On admission to the Order a member becomes a Knight-Mason or a Knight of the Red Cross of Constantine. This ceremony is known as installation and is performed in a ‘Conclave’. A Conclave is the regular unit of this Order and the name for any assembly of members of the Order’s first degree. The ceremony is short and simple but teaches valuable moral lessons to the candidate, based upon the story of the Roman Emperor Constantine the Great and the Battle of the Milvian Bridge.
Second Degree – Priest-Mason (or Installed Eusebius)
On election to serve as Viceroy (the second in command of a Conclave), a member must be admitted to the second degree, by which ceremony he becomes a Venerable Priest-Mason or an Installed Eusebius. This ceremony is performed in a ‘College’ of Priests-Mason. A College is the name for any assembly of members of the Order’s second degree. The ceremony is highly spiritual in nature and incorporates more overtly religious symbolism and ritual. Having received this degree the Installed Eusebius or Priest-Mason is entitled to serve as Viceroy in his own, or any other, Conclave or College. In general, this degree may only be conferred on those elected to serve as Viceroy of a Conclave, although exceptions are possible by dispensation.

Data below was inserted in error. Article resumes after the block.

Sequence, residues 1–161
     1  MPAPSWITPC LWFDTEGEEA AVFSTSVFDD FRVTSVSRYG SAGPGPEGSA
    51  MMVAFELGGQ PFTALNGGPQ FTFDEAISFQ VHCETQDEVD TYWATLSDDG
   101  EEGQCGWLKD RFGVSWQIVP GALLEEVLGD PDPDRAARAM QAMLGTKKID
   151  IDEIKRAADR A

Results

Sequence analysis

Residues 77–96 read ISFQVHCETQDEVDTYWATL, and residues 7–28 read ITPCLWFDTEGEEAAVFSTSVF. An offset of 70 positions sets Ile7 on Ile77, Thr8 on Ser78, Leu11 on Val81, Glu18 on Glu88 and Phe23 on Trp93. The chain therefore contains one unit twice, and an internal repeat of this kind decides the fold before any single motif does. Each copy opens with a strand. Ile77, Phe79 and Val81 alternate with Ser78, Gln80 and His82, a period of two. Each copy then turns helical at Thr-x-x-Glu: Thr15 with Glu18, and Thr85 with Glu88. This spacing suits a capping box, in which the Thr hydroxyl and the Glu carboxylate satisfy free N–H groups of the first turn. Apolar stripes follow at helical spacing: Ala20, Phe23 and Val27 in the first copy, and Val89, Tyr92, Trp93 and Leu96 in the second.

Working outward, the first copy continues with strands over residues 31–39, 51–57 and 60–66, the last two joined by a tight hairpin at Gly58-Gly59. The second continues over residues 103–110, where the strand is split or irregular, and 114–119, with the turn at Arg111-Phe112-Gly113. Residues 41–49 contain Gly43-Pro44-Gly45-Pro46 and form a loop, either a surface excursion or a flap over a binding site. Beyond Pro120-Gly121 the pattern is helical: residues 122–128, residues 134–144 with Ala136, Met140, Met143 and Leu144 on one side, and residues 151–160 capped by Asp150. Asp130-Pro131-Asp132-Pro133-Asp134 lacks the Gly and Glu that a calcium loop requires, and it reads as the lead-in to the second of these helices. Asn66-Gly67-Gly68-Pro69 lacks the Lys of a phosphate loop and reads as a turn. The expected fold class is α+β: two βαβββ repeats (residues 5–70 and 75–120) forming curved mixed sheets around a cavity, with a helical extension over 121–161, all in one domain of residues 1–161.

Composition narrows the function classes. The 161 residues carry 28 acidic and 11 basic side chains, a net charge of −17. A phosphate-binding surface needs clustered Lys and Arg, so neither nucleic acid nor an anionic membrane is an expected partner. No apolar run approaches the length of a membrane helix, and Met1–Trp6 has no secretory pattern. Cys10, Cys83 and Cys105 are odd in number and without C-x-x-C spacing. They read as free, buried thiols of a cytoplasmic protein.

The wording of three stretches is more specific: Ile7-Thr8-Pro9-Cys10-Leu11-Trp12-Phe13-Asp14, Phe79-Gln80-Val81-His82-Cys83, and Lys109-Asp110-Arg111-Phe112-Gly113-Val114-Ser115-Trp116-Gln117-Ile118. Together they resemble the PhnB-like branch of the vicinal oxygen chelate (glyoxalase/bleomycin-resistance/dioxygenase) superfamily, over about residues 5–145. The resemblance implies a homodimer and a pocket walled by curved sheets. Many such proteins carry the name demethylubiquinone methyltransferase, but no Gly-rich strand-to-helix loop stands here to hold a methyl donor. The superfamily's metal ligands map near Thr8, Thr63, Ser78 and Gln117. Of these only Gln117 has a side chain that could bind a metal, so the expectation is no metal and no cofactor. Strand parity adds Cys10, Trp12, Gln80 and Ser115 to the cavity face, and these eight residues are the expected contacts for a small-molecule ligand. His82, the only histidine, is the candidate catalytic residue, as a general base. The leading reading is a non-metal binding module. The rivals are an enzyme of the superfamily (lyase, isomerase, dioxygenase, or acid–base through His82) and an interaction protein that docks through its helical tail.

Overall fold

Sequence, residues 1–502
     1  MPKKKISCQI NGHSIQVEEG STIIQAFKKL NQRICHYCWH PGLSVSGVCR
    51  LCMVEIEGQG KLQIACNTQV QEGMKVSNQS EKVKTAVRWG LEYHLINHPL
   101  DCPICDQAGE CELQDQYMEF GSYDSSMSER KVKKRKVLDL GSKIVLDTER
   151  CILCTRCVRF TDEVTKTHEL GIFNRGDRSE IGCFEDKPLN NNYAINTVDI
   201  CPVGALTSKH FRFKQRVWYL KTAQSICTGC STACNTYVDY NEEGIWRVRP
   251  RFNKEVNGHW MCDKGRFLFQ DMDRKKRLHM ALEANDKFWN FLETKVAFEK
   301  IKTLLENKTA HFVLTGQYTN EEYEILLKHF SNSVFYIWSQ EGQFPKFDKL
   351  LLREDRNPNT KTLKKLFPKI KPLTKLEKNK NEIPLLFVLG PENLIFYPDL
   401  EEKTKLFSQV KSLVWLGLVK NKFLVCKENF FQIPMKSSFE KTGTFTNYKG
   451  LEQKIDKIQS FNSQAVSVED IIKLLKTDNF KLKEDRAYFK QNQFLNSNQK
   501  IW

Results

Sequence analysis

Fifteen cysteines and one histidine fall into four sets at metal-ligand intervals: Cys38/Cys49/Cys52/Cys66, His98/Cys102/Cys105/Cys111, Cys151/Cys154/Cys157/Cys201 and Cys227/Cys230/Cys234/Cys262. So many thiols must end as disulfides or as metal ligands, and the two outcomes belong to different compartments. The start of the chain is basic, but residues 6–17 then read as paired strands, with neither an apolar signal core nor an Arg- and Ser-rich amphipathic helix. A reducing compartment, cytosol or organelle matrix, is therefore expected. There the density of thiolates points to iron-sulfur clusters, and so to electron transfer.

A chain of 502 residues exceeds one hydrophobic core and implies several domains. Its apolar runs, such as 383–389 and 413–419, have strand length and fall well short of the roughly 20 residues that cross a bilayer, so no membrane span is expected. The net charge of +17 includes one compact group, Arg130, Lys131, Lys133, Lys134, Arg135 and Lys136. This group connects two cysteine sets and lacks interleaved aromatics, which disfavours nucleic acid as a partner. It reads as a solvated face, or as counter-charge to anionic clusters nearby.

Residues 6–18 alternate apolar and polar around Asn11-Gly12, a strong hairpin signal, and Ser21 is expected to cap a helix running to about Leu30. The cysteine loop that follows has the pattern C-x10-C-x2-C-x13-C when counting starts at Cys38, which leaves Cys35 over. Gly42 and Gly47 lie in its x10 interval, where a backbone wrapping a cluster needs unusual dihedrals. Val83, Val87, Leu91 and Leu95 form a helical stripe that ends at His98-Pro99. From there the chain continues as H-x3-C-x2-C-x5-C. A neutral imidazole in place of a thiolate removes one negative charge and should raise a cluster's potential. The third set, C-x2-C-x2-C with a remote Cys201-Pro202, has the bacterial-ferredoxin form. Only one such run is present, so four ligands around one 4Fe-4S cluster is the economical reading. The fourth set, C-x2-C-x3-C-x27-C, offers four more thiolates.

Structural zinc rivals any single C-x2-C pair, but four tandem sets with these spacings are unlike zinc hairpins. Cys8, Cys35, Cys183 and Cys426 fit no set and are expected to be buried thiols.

Third Degree – Prince-Mason
On election to serve as Sovereign (the leader of a Conclave), a member must be admitted to the third degree, by which ceremony he becomes a Perfect Prince-Mason. The ceremony is performed in a Senate of Princes-Mason. A Senate is the name for any assembly of members of the Order’s third degree. Having received this degree the Prince-Mason is entitled to serve as Sovereign in his own, or any other, Conclave or Senate. Except by dispensation, this degree is only ever conferred on those elected as Sovereign. As with all Masonic degrees, it may only be conferred on a person once – therefore a person becoming Sovereign for a second time, or in a different Conclave, would be appointed and installed into office, and would not go for a second time through the full degree ceremony.
The Appendant Orders
Two additional Christian Orders of Masonry are under the control of the Grand Imperial Conclaves (national ruling bodies) of the Red Cross of Constantine. One is the Order of the Holy Sepulchre and the other is the Order of St John the Evangelist. Each of these Orders consists of a single degree or ceremony, and although the two Orders are conferred separately, they are usually conferred on the same day, one straight after the other. It is a rule of most jurisdictions that a member of the first degree of the Red Cross of Constantine must subsequently take these two Appendant Orders, before he may be considered qualified to proceed to the second and third degrees of the Red Cross of Constantine.